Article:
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With courageous officers, we will beat Lodi’s gangs

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Posted: Saturday, February 11, 2012 12:00 am

Gangs are flat-out scary. And it is certainly not reassuring to learn that, at least in Lodi, gangs are attracting younger and younger members. As today's front-page package by reporter Katie Nelson pointed out, solutions are neither swift nor simple.

Effective responses will likely involve alliances among community stakeholders such as parents, teachers and clergy members.

In the meantime, the police are scambling to fight this scourge — and that fight is ugly and bloody, and it is on the streets.

This week, a 21-year-old man was gunned down on Central Avenue. Two police officers, Leo Ramirez and Jim Pendergast, were nearby. They gave chase and ultimately arrsted a 16-year-old boy.

Sometimes, a police officer's job includes quiet heroics.

Officers Ramirez and Pendergast chased an armed suspect and captured him. They did so at no small risk to their own safety.

We don't know the solutions to the gang plague.

We do know that with officers like Ramirez and Pendergast on the side of good, we will eventually prevail.

Guys need help dealing with Cupid

Face, it, guys need help with Valentine's Day.

It's not that they dislike romance. There's just a gender barrier between romantic thought and romantic action. We contend that a caring guy energized by a romantic plan of action can be a St. Valentine's home run hitter. What is lacking are the brilliant ideas, the practical solutions, the just-right romantic ritual.

And in this Internet Age where better to turn to for a bright idea than the Internet? Why not go to, drill down on the opinion section until you find this editorial and tell the world how you suprised your one-and-only with fresh roses on a High Sierra ski trip, or pulled up in a limo when she got of work?

Tell us your best idea about creating a spark in your love life. But please — keep it G-rated.

Ladies, help your men. They love you. They just can't think like you do. Give them your ideas. They'll surprise you.

Gentlemen, you love the ladies in your lives. A few of you have a clue, don't you?

It's time to share the love!

Landlords might be key

The idea of getting landlords involved in creating a vibrant Downtown has some promise.The Downtown Lodi Business Partnership, which is financed and run by retail and service business owners, is struggling with a meager budget.

DLBP manager Jaime Watts, supported by some local landlords and the city, is exploring the possibility of forming an assessment district run by property owners.

Retailers are wired with competitive DNA.

Landlords, not so much.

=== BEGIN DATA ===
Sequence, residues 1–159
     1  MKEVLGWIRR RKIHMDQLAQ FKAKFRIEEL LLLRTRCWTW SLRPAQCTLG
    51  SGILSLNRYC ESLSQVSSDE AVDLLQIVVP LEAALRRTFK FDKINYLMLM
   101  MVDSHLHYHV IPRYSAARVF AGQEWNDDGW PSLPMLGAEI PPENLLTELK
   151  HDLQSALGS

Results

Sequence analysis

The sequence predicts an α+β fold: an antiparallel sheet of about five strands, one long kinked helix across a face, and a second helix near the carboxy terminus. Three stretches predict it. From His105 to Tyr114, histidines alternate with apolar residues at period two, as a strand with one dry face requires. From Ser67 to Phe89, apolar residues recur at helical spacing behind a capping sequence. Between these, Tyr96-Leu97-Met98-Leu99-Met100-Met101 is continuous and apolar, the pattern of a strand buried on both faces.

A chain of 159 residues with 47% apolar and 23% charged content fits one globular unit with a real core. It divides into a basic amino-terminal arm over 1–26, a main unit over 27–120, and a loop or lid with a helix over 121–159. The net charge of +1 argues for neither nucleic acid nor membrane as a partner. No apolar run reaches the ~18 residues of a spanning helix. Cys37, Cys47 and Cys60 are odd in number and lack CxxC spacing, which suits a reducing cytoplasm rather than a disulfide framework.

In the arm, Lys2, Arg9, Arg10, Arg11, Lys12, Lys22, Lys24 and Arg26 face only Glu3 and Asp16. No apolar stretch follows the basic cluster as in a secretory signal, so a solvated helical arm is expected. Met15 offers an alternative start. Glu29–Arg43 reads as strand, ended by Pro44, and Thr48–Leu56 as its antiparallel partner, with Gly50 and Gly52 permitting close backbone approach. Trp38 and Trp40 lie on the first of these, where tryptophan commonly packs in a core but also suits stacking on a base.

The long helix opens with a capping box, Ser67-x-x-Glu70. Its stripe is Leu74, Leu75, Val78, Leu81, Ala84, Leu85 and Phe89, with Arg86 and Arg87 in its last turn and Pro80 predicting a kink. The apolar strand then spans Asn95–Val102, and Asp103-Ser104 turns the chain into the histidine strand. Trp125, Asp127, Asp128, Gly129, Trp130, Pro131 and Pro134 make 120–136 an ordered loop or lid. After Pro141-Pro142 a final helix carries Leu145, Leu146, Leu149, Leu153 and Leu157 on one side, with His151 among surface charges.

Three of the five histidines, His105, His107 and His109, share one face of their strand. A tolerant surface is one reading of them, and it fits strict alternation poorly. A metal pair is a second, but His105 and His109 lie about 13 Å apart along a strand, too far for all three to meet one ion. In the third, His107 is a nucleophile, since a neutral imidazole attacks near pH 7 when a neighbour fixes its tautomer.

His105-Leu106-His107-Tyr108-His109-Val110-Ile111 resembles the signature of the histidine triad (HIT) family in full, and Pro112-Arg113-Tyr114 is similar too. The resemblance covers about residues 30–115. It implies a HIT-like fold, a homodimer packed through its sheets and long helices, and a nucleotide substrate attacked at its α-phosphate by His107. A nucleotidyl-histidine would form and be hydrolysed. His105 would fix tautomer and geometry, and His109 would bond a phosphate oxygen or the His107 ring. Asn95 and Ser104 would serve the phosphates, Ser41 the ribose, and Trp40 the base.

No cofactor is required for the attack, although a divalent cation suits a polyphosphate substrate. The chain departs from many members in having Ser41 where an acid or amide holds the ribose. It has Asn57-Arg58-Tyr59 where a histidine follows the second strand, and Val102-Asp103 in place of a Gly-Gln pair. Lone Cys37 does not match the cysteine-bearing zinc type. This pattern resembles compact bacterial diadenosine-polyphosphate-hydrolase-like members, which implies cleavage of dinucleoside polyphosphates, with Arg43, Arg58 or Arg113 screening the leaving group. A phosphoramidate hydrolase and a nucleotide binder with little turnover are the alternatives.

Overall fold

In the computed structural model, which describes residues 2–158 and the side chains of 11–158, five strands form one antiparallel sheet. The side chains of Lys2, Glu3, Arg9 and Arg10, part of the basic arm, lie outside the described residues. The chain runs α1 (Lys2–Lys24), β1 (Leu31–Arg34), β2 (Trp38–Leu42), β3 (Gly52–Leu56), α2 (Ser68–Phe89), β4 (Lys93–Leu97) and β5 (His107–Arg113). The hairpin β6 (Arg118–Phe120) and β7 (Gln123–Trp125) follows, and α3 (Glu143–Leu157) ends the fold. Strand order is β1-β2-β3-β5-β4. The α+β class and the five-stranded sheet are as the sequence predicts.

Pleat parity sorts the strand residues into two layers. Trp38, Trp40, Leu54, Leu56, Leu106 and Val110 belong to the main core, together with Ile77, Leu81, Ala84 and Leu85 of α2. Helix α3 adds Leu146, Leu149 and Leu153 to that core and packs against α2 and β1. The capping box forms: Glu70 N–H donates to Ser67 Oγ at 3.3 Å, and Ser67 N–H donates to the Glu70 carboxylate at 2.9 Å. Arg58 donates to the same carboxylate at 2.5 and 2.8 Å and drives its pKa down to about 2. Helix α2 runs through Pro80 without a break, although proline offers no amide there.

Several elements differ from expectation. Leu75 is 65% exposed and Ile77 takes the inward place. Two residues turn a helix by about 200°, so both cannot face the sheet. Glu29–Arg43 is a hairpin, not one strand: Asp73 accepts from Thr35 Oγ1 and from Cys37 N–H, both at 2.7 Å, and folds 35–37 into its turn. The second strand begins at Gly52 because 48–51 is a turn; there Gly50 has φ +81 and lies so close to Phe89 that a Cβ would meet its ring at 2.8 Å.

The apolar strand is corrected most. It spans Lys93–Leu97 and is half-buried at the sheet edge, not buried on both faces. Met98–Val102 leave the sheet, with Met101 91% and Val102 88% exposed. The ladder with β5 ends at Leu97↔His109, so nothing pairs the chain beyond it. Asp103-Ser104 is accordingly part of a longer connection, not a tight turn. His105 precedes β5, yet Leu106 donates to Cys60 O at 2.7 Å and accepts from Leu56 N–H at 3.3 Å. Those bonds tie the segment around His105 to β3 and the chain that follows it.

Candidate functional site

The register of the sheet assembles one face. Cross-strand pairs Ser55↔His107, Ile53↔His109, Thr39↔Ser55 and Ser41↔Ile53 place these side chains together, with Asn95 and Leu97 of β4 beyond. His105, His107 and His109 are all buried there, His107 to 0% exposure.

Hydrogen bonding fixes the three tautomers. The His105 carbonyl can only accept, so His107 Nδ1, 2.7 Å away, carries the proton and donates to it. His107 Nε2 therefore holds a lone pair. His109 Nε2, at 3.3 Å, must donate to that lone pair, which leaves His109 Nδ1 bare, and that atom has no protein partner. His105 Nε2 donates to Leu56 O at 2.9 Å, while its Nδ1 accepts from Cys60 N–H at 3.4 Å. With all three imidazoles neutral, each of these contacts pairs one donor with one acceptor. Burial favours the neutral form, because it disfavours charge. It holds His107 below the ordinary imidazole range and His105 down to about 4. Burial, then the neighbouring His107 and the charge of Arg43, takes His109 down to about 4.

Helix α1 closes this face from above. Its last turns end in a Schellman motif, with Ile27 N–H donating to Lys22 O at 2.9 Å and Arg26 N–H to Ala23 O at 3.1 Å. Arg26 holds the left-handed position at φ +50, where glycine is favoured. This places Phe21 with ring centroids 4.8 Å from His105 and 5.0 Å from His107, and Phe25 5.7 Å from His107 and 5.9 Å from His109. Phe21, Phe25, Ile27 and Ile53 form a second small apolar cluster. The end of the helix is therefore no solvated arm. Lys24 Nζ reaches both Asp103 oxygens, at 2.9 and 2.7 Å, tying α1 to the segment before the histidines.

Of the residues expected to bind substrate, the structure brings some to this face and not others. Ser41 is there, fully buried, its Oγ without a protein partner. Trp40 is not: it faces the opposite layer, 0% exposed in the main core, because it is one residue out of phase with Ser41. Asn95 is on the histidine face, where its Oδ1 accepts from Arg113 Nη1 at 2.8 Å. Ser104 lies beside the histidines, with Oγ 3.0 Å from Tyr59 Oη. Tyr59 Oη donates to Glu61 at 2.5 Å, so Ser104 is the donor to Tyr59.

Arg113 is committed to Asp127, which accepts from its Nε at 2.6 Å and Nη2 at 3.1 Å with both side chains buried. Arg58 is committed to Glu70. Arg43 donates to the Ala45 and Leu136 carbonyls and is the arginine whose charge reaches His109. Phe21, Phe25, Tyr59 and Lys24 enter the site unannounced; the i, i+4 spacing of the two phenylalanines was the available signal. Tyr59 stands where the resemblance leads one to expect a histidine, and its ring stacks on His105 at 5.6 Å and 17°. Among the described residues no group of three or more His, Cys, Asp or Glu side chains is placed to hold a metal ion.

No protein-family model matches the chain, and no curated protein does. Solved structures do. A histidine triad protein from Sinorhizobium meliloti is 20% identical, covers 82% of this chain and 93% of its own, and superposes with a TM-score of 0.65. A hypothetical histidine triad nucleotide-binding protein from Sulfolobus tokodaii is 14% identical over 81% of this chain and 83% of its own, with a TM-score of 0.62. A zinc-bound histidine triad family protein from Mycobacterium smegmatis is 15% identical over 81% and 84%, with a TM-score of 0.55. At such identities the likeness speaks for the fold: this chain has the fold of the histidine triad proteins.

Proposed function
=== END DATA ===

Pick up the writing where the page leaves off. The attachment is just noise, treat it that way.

Retailers come and go. Landlords tend to be in business for the long haul.

Will a new group bring a steadfast commitment to maintenance, better marketing skills or more financial horsepower to Downtown? That needs to be seen.

Can all Downtown landlords afford an assessment district? That will become an issue.

But we're staying close to this proposal and hope it works to make Lodi more liveable and loveable.

On the rise of charters

Last week, we presented a package of stories by reporters Jennifer Bonnett and Sara Jane Pohlman on the rise of charter schools in the Lodi area.

There remain legions of charter skeptics. They raise fair questions about the academic consistency of these schools and whether they pull some of the best students — and the most involved parents — away from mainstream campuses. No doubt the critics play a healthy, kind of antiseptic role here.

Yet the success of some charters, most notably the Aspire charters in Lodi Unified, is undeniable.

All three of the Aspire schools located in Lodi Unified — Aspire River Oaks Academy, Aspire Benjamin Holt College Preparatory Academy, and Aspire Vincent Shalvey Academy — received a 10 out of 10 in similar schools ranking last year.

The Aspire campuses, by nearly all measures, have talented and dedicated staff members. They are integrating innovative curriculum, teaching techniques and technology.

There are certainly less successful charters, and every year charters around California simply close.

Is there a Darwinian benefit to this?

It appears that charters in Lodi and elsewhere, at least the best of them, are here to stay.

That competition is healthy.

Public education is in a state of flux now, as demands for reform resonant from Lodi, Calif., to Lodi, N.J.

No doubt some of that reform can be drawn from a charter system that is gaining new believers as it achieves greater success.

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